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passage (n.)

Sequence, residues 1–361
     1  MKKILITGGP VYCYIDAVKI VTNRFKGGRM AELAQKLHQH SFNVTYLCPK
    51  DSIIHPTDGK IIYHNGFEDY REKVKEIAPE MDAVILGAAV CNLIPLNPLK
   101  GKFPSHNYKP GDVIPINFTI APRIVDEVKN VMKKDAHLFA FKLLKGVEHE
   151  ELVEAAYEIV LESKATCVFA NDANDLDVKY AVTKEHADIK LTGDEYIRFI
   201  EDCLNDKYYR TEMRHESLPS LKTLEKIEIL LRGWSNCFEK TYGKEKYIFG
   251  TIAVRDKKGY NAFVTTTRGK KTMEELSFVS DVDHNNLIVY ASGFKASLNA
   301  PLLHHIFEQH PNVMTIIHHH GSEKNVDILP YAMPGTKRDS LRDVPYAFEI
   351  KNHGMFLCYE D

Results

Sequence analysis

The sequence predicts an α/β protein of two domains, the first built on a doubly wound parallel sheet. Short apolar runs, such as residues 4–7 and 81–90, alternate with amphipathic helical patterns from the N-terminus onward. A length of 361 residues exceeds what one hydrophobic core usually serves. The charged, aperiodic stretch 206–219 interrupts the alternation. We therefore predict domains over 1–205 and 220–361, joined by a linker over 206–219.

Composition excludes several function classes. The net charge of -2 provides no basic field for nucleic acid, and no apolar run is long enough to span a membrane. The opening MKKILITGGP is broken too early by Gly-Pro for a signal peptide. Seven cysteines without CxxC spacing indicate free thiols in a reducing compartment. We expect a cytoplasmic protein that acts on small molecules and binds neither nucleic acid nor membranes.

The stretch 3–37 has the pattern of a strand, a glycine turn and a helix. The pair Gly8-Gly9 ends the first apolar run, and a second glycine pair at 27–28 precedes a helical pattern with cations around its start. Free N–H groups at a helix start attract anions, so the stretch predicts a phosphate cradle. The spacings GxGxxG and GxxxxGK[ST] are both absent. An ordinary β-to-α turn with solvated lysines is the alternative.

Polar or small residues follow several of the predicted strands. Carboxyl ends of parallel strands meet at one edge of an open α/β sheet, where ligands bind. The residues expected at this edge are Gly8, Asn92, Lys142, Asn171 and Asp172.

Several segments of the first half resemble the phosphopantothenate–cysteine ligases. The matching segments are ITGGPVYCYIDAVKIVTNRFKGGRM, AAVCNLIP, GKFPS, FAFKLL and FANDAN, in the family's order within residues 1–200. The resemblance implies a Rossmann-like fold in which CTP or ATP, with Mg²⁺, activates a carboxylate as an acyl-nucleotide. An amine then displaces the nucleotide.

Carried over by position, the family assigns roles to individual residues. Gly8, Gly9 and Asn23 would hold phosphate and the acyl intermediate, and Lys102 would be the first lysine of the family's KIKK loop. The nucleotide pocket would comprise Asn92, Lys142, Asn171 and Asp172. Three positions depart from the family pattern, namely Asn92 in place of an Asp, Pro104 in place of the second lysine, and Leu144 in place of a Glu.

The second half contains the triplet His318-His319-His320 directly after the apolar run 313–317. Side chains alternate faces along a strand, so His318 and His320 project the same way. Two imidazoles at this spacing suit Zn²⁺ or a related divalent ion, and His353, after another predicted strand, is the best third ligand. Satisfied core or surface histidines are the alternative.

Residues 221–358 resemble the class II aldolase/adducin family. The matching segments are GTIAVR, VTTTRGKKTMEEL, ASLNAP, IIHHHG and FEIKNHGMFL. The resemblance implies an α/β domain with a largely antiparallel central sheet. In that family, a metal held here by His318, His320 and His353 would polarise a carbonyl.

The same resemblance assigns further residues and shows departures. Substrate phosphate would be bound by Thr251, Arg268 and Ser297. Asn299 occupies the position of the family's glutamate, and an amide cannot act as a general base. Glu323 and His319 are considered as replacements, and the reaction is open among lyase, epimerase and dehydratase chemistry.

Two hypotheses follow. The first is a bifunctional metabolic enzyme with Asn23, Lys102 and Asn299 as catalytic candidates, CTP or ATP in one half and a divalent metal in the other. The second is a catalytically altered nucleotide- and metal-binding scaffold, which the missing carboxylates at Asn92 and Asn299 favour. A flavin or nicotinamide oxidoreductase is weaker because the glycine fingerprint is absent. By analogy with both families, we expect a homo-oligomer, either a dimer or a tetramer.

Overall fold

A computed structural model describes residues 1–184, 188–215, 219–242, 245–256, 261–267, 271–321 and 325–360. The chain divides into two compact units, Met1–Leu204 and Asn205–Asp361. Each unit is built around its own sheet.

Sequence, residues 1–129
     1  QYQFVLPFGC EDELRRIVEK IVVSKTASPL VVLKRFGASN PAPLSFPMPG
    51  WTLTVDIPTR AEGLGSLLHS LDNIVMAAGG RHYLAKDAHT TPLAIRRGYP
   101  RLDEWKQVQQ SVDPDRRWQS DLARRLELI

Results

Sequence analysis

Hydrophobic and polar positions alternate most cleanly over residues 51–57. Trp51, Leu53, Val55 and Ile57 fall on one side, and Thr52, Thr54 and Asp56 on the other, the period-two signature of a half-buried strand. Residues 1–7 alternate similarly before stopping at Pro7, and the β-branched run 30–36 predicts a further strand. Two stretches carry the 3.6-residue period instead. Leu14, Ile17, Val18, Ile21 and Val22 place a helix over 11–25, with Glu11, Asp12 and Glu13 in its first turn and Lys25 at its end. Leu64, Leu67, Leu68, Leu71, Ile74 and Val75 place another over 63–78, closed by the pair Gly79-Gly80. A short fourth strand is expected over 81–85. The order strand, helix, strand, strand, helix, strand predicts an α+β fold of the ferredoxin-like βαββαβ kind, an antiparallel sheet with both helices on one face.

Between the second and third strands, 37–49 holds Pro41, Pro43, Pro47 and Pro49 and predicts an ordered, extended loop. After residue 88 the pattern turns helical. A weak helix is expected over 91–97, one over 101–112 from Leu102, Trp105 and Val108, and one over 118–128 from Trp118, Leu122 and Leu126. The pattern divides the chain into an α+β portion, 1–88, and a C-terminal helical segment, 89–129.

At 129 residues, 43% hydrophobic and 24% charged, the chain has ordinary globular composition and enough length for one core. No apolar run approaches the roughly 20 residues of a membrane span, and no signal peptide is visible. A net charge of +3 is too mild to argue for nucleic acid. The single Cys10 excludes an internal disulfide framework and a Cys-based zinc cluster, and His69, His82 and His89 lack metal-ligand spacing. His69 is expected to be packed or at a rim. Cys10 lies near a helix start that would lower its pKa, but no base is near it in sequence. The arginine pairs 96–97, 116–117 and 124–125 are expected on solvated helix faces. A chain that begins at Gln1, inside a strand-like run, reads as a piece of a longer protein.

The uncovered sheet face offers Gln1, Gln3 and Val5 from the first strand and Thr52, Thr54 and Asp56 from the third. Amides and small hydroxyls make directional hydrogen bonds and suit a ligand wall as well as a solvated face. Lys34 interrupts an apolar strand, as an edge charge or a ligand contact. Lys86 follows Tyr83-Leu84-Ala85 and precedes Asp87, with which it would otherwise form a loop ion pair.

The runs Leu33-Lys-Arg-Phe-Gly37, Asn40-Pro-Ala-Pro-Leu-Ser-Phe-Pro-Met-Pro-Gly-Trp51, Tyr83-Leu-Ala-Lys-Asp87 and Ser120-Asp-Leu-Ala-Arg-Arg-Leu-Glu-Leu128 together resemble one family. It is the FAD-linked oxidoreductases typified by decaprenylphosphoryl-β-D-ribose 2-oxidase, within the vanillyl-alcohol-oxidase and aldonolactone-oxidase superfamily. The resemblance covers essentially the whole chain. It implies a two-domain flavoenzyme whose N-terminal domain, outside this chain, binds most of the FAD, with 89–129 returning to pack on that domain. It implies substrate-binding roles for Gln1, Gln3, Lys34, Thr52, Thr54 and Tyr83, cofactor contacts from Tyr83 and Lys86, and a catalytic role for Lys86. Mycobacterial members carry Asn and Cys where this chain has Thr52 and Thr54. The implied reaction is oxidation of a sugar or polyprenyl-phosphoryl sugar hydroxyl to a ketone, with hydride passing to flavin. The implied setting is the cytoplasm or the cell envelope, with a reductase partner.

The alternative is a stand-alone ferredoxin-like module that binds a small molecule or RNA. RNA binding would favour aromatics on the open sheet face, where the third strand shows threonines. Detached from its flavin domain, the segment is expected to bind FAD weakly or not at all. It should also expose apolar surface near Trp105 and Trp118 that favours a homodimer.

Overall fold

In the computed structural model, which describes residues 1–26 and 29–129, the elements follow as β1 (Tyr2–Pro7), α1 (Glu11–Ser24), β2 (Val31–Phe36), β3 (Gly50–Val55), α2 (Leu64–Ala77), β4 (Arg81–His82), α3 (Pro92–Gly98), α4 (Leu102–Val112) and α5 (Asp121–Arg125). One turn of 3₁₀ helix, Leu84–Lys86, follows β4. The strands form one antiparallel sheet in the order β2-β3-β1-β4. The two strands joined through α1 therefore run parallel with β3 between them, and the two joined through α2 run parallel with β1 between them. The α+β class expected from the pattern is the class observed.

early 13c., "a road, a pathway;" c. 1300, "action of crossing from one place to another; a going over or through something; means of crossing," from Old French passage "mountain pass, passage" (11c.), from passer "to go by," from Vulgar Latin *passare "to step, walk, pass," from Latin passus "step, pace" (from PIE root *pete- "to spread"). Meaning "corridor in a building" is recorded from 1610s. Meaning "a portion of writing," originally one concerning a particular occurrence or matter, is from 1610s; of music, from 1670s.

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